These are pretty different dudes, wouldn't you agree? Hernández is one year removed from a 5 WAR season, but his 2022 was derailed by a weird health thing unlikely to repeat. Arroyo is former first round pick who has been worth 2.5 WAR in ~550 PA in Boston; the performance has been starter quality, but the durability questions are apparent. Both are legitimate up-the-middle defenders. Duran, meanwhile, is a tools-y player who rejiggered his swing to get more pop and crushed AAA, but he seems to get exploited by pitchers who can command heat to the top of the zone and he's at least a semi-liability in the field.
Duran is a huge question mark, although I haven't given up on him: AAA is real baseball. The other two are established big league players who should be good if healthy.
A few things about this:
I mostly agree in the big picture, but I actually think our current scenario is not that far removed from the 2014 situation.
I don't mean this snarkily, but I would remind you that Ellsbury was on the Yankees in 2014, having signed a stupid deal that few here thought we should match that turned out ultimately to be a disaster. There's a parallel there to our present situation. And that's just one sign that you really might be blurring a couple seasons together in your mind, which is perfectly understandable. And I think because the 2013 team won the freaking title
instead of just reaching the playoffs and winning a bit like the 2021 team, you were understandably more inclined to be charitable in your view of the farm, although it was also better, frankly.
Here's how I see that history:
The 2014 major league team was a goddamned disaster, much
worse than the 2022 edition, and with many fewer players on it who appeared to have any future in Boston. I would say the 7 win difference doesn't even begin to describe it; the 2022 team was derailed by injuries and underperformance, but they were in the mix at the trade deadline, which was perhaps unfortunate; the 2014 team was simply never competitive at any point — zero months above .500.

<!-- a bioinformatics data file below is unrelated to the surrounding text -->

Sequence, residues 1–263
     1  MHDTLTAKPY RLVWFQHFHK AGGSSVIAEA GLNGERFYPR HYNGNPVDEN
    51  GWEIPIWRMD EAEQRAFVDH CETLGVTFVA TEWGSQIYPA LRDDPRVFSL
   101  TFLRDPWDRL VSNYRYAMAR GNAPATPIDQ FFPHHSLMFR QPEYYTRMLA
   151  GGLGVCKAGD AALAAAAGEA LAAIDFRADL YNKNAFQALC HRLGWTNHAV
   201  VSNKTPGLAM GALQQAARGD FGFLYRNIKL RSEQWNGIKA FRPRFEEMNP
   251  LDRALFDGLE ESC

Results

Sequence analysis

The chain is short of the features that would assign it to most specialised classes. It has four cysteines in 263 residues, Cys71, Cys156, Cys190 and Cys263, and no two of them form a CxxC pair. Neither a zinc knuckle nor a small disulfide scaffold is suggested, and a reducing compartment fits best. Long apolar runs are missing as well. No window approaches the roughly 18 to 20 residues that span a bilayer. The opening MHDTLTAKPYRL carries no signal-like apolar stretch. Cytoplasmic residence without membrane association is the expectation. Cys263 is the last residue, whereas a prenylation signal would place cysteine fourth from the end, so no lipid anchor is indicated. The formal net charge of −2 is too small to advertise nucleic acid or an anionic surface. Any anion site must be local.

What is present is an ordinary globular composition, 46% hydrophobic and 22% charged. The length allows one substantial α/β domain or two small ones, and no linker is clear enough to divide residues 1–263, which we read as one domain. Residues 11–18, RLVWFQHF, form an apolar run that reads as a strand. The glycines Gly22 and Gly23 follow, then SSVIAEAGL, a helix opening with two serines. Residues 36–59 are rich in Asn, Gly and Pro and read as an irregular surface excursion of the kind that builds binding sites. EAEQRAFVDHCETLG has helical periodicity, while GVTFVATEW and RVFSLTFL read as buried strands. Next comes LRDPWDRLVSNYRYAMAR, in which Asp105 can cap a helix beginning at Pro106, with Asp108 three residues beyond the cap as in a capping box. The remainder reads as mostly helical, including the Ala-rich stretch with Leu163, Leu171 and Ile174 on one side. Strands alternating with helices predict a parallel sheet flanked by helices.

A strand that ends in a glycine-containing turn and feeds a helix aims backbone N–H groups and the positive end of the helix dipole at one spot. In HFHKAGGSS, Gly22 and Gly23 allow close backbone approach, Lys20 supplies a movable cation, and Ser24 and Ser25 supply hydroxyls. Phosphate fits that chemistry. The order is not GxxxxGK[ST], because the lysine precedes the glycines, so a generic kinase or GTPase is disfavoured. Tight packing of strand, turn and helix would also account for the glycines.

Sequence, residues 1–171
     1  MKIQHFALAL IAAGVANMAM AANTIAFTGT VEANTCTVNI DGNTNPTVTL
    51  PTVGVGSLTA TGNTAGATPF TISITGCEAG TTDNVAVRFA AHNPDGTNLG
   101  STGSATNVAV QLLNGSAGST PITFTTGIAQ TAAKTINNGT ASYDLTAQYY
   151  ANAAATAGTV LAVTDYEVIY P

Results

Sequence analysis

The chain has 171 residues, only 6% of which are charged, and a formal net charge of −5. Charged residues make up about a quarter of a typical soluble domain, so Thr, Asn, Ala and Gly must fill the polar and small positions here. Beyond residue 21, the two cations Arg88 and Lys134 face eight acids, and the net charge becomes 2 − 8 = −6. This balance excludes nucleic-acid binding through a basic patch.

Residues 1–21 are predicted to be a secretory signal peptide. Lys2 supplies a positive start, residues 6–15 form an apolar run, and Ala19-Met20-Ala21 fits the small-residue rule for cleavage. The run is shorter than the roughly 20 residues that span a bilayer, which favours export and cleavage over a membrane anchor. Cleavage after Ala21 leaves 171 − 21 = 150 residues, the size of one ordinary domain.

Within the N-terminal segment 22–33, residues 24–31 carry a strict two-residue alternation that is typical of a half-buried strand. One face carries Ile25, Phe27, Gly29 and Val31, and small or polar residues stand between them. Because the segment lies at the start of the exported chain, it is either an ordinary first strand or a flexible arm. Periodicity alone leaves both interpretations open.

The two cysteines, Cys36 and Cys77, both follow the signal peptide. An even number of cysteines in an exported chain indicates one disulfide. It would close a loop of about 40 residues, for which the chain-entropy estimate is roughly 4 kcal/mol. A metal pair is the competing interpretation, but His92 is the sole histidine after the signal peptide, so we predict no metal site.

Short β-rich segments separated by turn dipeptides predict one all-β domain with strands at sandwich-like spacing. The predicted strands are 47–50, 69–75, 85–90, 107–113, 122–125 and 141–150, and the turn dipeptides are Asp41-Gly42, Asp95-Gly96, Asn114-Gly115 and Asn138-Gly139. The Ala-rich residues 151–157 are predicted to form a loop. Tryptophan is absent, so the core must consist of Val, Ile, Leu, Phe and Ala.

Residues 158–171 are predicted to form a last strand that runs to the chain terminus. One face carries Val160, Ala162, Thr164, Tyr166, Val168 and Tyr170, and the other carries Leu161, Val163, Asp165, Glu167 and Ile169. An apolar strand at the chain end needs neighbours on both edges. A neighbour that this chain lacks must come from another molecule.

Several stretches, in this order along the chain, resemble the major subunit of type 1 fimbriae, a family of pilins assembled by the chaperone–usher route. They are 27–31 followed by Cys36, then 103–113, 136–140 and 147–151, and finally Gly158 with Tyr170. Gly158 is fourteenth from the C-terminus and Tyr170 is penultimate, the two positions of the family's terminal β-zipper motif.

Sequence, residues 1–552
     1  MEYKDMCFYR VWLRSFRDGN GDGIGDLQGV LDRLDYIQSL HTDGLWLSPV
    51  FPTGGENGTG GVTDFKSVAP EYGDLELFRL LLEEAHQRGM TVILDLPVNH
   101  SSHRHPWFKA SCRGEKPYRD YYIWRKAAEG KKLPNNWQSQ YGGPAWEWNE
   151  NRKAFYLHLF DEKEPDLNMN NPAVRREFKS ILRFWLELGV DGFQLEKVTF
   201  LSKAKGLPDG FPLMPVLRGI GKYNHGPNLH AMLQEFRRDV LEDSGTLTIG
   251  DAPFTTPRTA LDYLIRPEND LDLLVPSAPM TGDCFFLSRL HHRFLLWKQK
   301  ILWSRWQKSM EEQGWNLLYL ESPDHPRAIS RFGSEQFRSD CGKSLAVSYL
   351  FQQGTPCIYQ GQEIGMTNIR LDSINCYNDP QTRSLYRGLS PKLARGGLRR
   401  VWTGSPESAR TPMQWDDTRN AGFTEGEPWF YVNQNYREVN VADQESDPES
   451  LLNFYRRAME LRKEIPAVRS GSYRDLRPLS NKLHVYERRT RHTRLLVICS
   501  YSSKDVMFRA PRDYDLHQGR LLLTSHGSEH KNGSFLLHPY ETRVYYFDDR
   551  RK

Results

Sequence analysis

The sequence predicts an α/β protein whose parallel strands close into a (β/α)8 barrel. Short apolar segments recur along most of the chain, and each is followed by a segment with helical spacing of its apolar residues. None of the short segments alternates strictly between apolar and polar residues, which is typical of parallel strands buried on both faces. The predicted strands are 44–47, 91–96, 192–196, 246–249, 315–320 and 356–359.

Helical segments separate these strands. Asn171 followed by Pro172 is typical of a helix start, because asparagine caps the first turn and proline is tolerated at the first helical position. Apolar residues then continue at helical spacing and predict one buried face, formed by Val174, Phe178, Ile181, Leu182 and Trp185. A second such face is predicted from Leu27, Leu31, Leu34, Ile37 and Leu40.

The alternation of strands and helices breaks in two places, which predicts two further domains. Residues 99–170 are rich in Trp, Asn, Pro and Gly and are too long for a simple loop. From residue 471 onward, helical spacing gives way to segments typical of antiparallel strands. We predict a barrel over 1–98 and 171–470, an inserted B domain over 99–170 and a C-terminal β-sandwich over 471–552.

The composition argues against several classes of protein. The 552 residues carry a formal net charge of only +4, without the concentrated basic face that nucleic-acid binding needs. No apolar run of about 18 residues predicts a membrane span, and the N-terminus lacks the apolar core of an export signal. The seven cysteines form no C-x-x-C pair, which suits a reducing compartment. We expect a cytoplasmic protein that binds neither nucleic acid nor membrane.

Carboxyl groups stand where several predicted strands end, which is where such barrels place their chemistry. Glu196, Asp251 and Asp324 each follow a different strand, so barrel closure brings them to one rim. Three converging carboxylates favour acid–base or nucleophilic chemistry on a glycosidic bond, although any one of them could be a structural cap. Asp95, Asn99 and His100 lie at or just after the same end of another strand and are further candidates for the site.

Pedroia was signed longterm, but had just had a pretty mediocre year by his standards: 99 OPS+ and only 135 games played. Ortiz was 38; how long could he keep this up? Bogaerts was scuffling hard;
Bradley was scuffling harder
. We gave meaningful playing time to guys like A.J. Pierzynski, Grady Sizemore, Will Middlebrooks, Allen Craig, Mike Carp, Daniel Nava, Jonny Gomes, Shane Victorino, and Jonathan Herrera, none of whom provided any positive value on either side of the ball. There are some good players on that list, but all of them were clear has-beens by 2014.
The positive signs were present, though, by the end of the year, in Mookie Betts and Rusney Castillo — wait, what?!? Okay, we'll leave Castillo aside.
Betts had come out of nowhere. He was never a top-50 prospect, because he had a good year in A ball in 2013, made the back half of the pre-2014 top 100 lists, and then rocketed through AA and AAA and had enough PA in MLB to lose his prospect eligibility by the time the next lists were made. He was 21. The Ceddanne Rafaela comps make sense, not that Rafaela is a Betts-caliber player, but that he stepped up his performance massively at a similar age and level and rocketed up the prospect rankings. (We're going to know pretty quickly, I think, by looking at Rafaela's plate discipline numbers in Portland or Worcester, whether he's going to be a starting CF or SS in MLB or just a glove-first bench/utility guy.)
If you squinted and trusted in minor league performance, you would have seen green shoots in Bradley and Bogaerts, but there were still people, including on this board, who regretted the trade of Iglesias because Bogaerts wasn't hitting. To be clear, I was a believer that both of those guys would hit, but crucially, neither had shown that at the big league level.
They wouldn't establish themselves as two-way players until 2015. Any faith we had in them was mostly based on their minor league performance. Neither Benintendi nor Moncada was in the organization yet. Devers had just come stateside as a teenager, and was tearing up the Gulf Coast league — not unlike Miguel Bleis today.
But the bigger issue was on the pitching side: we had just traded Lester, Lackey and Peavy, Buchholz had had a terrible year, and while there was clearly a position player core coming from the minors, the only pitching in that group was Rodriguez, whom we got for Miller mid-season. Felix Doubront had imploded, along with Webster and De La Rosa. Anderson Espinoza wasn't stateside yet — Luis Perales (look him up
if you don't know
), already is — and Michael Kopech wasn't in the organization yet.
2015 was the Spring Training of the "He's the Ace" t-shirts. Forget Bello, forget Whitlock, forget Houck, we would have killed
for a Kutter Crawford. Henry Owens was the future, if there was a future.
At the time, Theo Epstein was saying in Chicago that he was going to win a title by collecting a core of position player prospects, because pitching prospects were too risky, and then signing FA starting pitchers. It worked — the only starter who had debuted with the Cubs on the 2016 team was Kyle Hendricks — but it wasn't sustainable. Under Dombrowski, Boston did the same thing, more or less, to win a title in 2018: bringing in Price, Sale, and Eovaldi to complement our homegrown core of position players. But again, it wasn't sustainable! Those pitchers got expensive deals, still had health risks (they're pitchers, after all), and then we couldn't afford to retain our position player core! So both teams had very similar issues.
I guess I'm just saying that if you're correct that you could see what the plan was in 2014, it required a some faith, just as it does now. But while that farm was deeper, this one actually has some pitching.